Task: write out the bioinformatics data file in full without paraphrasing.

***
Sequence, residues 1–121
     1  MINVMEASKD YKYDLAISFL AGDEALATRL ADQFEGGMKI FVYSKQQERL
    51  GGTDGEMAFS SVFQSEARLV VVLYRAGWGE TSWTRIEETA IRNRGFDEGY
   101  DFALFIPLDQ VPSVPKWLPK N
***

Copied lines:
Sequence, residues 1–121
     1  MINVMEASKD YKYDLAISFL AGDEALATRL ADQFEGGMKI FVYSKQQERL
    51  GGTDGEMAFS SVFQSEARLV VVLYRAGWGE TSWTRIEETA IRNRGFDEGY
   101  DFALFIPLDQ VPSVPKWLPK N